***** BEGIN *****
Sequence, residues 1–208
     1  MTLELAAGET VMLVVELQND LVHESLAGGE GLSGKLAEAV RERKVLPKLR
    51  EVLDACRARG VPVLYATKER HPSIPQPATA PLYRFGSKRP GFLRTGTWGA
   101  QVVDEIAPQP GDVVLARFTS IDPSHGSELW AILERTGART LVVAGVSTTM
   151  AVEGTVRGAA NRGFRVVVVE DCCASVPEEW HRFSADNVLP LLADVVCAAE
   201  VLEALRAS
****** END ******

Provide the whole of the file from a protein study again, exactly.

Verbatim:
Sequence, residues 1–208
     1  MTLELAAGET VMLVVELQND LVHESLAGGE GLSGKLAEAV RERKVLPKLR
    51  EVLDACRARG VPVLYATKER HPSIPQPATA PLYRFGSKRP GFLRTGTWGA
   101  QVVDEIAPQP GDVVLARFTS IDPSHGSELW AILERTGART LVVAGVSTTM
   151  AVEGTVRGAA NRGFRVVVVE DCCASVPEEW HRFSADNVLP LLADVVCAAE
   201  VLEALRAS